Shares of Carnival Corp (NYSE:CCL) have been slumping over the past year as the stock has dropped 12% during this time. Despite the decline, Carnival's business operations have been steadily improving and the company is likely to report solid numbers for 2016. The disparity between the performance of the company and its stock price could provide shareholders an opportunity to buy a miss-priced industry stalwart, with notable growth prospects.
In this article, I will discuss the current landscape of the cruise industry, detail Carnivals current business and future prospects and delve into any potential risks or considerations in investing in Carnival Corp.
Although the past 12 months have been a struggle for Carnival, the cruise industry has actually had a strong go of it since 2014. Much of this performance can be attributed to an improving economy, which has led to a surge in consumer spending. This increased spending has directly benefited the cruise line industry. However, the strong performance has not be spread equally among the industry's constituents. Carnival and Royal Caribbean's (NYSE:RCL) revenue has been relatively stagnant over the past five years, while Norwegian has seen their revenue and profits double over this same time period. This lack of growth on the part of Carnival is somewhat misleading as they have had to focus on replacing older vessels and making their fleet more efficient. Now with much of this process complete, they are free to resume growing the fleet which should, in turn, grow future revenue.
Another factor that has benefited the cruise industry is the low energy costs of the past couple years. With energy prices dropping as much as 75% from their peak in 2014, cruise ships are saving on one of their largest expenses. Carnival realized an almost 40% savings in 2015 compared to the previous year- this represented the biggest savings of the big three cruise liners. The reduced costs helped Carnival realize a year over year profit increase of 45% in 2015. As prices for oil have remained relatively low, we can expect that margins will yet again be solid in 2016. As long as oil prices remain depressed the cruise industry can take advantage of increased margins and should see profits continue to grow. Overall, the cruise industry is in good shape. So far 2016 has shown great promise as revenue per passenger improved 4% last quarter. This was on top of an impressive 6% rise the quarter before that. Finally, bookings have been steadily on the rise the past few quarters pointing to a healthy demand in the cruise space.
Carnival's current performance and future prospects
Carnival has a good deal of momentum behind it due to last quarter's earnings beating estimates. The company not only saw revenue rise 4% but net income more than doubled, producing $0.49 per share in adjusted earnings. Not only are bookings up but guests are also spending more once on board-customers dished out 4% more per day this past quarter. Operating costs fell 2% for the quarter and profits for the year are estimated to be up 20% from 2015.
Operating margin rose to 18% of sales in the first half of the year, which helped them generate $750 million in net income. Profits have risen to over $2 billion per year, which is near record levels, almost matching where they were prior to the 08 recession.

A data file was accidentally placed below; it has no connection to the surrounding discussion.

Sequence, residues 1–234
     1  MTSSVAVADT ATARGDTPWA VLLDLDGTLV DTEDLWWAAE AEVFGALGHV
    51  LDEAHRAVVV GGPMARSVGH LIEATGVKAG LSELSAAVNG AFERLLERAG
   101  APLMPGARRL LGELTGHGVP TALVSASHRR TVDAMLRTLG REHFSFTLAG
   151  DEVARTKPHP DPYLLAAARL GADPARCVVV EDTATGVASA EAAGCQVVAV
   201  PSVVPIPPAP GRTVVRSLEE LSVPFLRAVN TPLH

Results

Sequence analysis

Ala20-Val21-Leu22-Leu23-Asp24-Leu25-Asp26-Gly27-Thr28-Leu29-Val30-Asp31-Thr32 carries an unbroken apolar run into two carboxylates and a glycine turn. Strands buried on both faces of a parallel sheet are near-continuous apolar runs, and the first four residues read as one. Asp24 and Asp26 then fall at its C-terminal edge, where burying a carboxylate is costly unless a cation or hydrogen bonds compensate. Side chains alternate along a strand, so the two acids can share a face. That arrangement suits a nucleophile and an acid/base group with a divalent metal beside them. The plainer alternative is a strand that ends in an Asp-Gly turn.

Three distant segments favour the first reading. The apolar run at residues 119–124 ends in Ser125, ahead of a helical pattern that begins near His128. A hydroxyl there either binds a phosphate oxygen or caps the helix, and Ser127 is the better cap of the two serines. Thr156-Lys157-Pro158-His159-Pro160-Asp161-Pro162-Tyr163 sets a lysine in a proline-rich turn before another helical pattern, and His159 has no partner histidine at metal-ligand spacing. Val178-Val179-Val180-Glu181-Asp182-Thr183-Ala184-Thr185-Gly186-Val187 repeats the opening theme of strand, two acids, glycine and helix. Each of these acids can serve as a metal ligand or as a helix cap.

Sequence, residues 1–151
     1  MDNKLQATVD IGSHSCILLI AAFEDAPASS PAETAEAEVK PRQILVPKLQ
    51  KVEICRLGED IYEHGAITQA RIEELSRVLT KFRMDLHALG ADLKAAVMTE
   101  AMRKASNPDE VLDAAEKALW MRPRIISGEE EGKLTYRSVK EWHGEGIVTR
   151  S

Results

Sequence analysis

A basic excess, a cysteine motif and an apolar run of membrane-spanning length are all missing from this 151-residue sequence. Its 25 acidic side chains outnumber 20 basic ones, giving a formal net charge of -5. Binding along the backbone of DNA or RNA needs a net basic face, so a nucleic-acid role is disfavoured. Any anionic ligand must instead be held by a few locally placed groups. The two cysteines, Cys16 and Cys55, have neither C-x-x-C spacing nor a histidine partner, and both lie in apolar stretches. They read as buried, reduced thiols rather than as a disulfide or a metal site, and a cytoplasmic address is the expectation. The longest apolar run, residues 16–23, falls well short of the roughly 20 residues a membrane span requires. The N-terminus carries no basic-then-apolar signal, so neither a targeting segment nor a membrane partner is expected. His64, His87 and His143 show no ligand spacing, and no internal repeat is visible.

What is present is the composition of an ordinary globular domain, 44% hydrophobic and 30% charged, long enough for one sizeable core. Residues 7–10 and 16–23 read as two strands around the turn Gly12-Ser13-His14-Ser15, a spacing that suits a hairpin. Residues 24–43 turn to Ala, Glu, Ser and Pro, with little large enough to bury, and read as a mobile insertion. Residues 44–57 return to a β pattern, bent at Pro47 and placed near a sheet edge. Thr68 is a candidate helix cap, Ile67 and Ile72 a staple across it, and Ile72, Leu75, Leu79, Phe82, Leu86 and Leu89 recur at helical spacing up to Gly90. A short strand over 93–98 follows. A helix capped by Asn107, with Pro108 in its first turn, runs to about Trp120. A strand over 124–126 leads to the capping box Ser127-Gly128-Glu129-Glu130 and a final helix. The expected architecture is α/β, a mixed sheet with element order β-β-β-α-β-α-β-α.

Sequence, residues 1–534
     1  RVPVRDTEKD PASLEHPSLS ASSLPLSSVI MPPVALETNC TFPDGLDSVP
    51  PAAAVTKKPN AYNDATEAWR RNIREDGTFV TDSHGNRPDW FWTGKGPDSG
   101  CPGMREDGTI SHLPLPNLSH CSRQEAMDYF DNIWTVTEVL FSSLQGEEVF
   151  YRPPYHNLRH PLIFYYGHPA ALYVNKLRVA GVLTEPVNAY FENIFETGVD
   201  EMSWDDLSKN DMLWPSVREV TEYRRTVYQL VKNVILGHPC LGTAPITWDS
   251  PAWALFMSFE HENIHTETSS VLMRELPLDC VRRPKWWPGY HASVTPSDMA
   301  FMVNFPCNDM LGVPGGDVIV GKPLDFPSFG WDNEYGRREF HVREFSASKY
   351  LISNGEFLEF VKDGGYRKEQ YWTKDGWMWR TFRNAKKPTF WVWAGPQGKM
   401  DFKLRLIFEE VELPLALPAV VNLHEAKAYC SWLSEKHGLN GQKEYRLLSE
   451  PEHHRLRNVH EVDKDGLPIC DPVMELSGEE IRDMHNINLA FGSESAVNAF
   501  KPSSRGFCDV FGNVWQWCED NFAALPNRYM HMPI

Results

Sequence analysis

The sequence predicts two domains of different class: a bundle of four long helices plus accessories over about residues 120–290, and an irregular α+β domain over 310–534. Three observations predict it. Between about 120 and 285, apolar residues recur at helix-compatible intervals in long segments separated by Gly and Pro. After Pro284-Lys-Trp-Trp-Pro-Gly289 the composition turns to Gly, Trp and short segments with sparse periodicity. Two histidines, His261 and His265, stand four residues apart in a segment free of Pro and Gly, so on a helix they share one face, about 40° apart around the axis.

It's important to look at cash flows when considering investing in the cruise ship industry, as the business can often move a great deal in relation to consumer spending. So far this year, Carnival's free cash flow is up 17% to $2.7 billion. This increased cash flow is being used in two ways. First, the cash will be used for upgrades to existing ships as well as expanding the current fleet. And second, there should be plenty of cash left over for additional distributions to shareholders. Carnival currently pays a healthy 3% dividend up 17% as of late.
As for their current valuation relative to the market, Carnival looks very attractive. The company is trading at a PE ratio of 16-significantly below the consumer service industry average of 27. They also have a PEG of 0.6 and a PB of 1.5, both of which beat the industry standard by a notable amount.
Carnival is not without its risks. The cruise industry is influenced greatly by economic trends as the leisure industry is the first get hit in a slowing economy. Moreover, energy prices play a critical role in Carnival's margins and largely determine their profitability. Finally, foreign currency swings can be unpredictable as the exchange rate issue can negatively affect revenue.
In the end, by taking a longer term perspective we can eliminate much of the cyclical risk associated with Carnival and the cruise line industry in general. Knowing that, the company has several things going for it. They have a dominant position in the industry with significantly more guests that the other liners. They also have momentum stemming from last quarter's impressive results which are predicted to continue the rest of the year. Finally, the stock is currently undervalued relative to the market. All these factors coupled with a 20% predicted rise in profits make Carnival Corp an attractive investment over the next several years.
Disclosure: I/we have no positions in any stocks mentioned, but may initiate a long position in CCL over the next 72 hours.
I wrote this article myself, and it expresses my own opinions. I am not receiving compensation for it (other than from Seeking Alpha). I have no business relationship with any company whose stock is mentioned in this article.